If you are unable to make decisions with your estates or finances, you can appoint someone who can. In Canada, power of attorney is a legal document that gives another person the right to act on your behalf for financial and legal matters. This document should always be written with the help of a family law firm for this to hold up in court if anyone attempts to access this individual’s estate or finances. 

Power of attorney applies to many circumstances, for example, having an appointed person be able to write cheques, make bank payments, or buy and sell real estate in your name. However, in British Columbia, power of attorney differs from having a representation agreement drawn up.

Why do people have a power of attorney?

There are a variety of reasons why people choose to appoint a power of attorney in Canada. For example, if you’re approaching old age you may want to appoint someone to manage your estate for you, or if you work abroad a lot, someone to manage your finances and banking while you’re away. There is also the case that you may have an illness that inhibits you from making decisions about your finances in the future such as Alzheimer’s or dementia. It’s always important to plan to ensure your finances and assets are in the hands of someone you trust completely.

The amount of control you give a power of attorney depends on your needs; some people give the power of attorney complete power over their finances, others limit control to a specific task, for example, collecting a pension or cashing a specific monthly cheque.

There isn’t a limit on the number of powers of attorney’s people have. Some people choose to have a second power of attorney for certain aspects of their finances.

What types of power of attorney are there?

Power of attorney in Canada is different across all Provinces. In British Columbia specifically, power of attorney can be straightforward, as described above, or you can request “enduring power of attorney”.

Typically, there are two main types of power of attorney: ordinary and enduring. An ordinary power of attorney operates as long as the person they are representing is still alive. However, if the person they are representing passes away or is in a mental state where they are not about to fully function, this power of attorney is no longer valid.

What is an enduring power of attorney?

Enduring power of attorney is when you, the adult, allow your attorney to act on your behalf should you become mentally incapable. For example, you suffer a traumatic brain injury and are unable to make decisions for yourself or you reach an age where simple life choices become challenging.

To ensure that enduring power of attorney is valid, your document must specifically state whether your attorney can control matters only while you are capable, incapable, or both.

It’s worth noting that a power of attorney in British Columbia does not have the power or control over your health. For this matter, you will need a Representation Agreement to be drawn up by a law firm.

How do I choose my power of attorney?

The person choosing a power of attorney is called a donor. The donor must always be an adult and must always be capable of making decisions at the time of instructing and executing the power of attorney.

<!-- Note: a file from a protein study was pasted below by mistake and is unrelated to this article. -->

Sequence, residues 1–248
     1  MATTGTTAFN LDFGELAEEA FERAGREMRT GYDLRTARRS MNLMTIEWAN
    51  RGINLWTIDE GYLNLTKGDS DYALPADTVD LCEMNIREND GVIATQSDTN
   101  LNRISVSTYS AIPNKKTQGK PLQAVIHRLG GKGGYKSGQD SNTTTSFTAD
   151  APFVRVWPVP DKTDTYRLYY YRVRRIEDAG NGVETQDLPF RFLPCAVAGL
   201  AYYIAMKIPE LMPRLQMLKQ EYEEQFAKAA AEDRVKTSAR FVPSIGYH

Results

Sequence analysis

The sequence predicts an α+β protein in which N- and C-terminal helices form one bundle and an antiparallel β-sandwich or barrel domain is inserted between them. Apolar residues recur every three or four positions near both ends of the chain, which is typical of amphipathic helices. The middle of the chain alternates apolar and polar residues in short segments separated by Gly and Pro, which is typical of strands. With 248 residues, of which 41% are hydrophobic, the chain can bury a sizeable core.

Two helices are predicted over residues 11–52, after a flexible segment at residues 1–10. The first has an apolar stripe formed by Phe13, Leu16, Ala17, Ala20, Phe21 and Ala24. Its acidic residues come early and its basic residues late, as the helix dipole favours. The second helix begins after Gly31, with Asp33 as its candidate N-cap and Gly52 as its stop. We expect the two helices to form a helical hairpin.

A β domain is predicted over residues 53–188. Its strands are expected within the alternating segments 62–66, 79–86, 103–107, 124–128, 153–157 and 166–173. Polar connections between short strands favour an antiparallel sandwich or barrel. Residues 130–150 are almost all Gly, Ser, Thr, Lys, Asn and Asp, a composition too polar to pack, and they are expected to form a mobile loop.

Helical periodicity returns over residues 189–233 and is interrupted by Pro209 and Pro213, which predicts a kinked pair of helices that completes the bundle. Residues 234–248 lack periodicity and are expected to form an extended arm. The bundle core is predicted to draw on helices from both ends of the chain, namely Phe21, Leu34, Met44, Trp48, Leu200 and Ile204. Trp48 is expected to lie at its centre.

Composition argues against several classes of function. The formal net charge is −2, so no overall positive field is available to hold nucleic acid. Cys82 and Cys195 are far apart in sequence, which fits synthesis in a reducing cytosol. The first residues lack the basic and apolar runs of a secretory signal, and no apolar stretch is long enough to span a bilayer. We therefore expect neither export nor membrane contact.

First and foremost, your power of attorney needs to be a person you explicitly trust. After all, they’ll be making significant decisions regarding your finances and potentially your health should you fall incapable of providing self-personal care.

A power of attorney doesn’t mean it has to be a lawyer. Many people choose a significant other. Others choose a close friend or relative to act on their behalf. Remember that selecting a person to be your power of attorney is entirely voluntary and you do not need to sign any papers if you do not wish to.

As previously mentioned your power of attorney must be an adult who is capable of making decisions. They can’t be bankrupt or the owner, operator, or employee of a nursing home in which the donor is a resident.

Some people choose to appoint an alternative or substitute Attorney. This is a ‘second in command’ person who can act if the first choice becomes incapable, unable, or unwilling to act for the donor.

What responsibilities will my attorney have?

After choosing your Attorney, it’s important to clearly understand the responsibilities that person has. These include:

  • acting in your best interests
  • accurate recording keeping of transactions and dealings on your behalf
  • act with good faith
  • keep your money and property separate from their own

This is why it’s important to choose an Attorney who you trust completely.

What happens when someone dies?

When a person passes away the power of attorney becomes invalid. If the donor has made a will, the executor will then take control of the personal property and finances, and distributes this in accordance with instructions outlined in the will

If a person doesn’t have a will, the person’s property and finances are distributed according to law. The distribution may be against the deceased person’s wishes, therefore it’s recommended that a last will and testament is always drawn up. It’s worth noting that different provinces across Canada have different rules regarding power of attorney. It’s always worth talking to a family lawyer to find out more about the legislation regarding your particular province before executing power of attorney.

Need help with power of attorney in Canada? Dreyer Davison Family Law firm has over 45 years of experience. Let us know how we can help you, today. 

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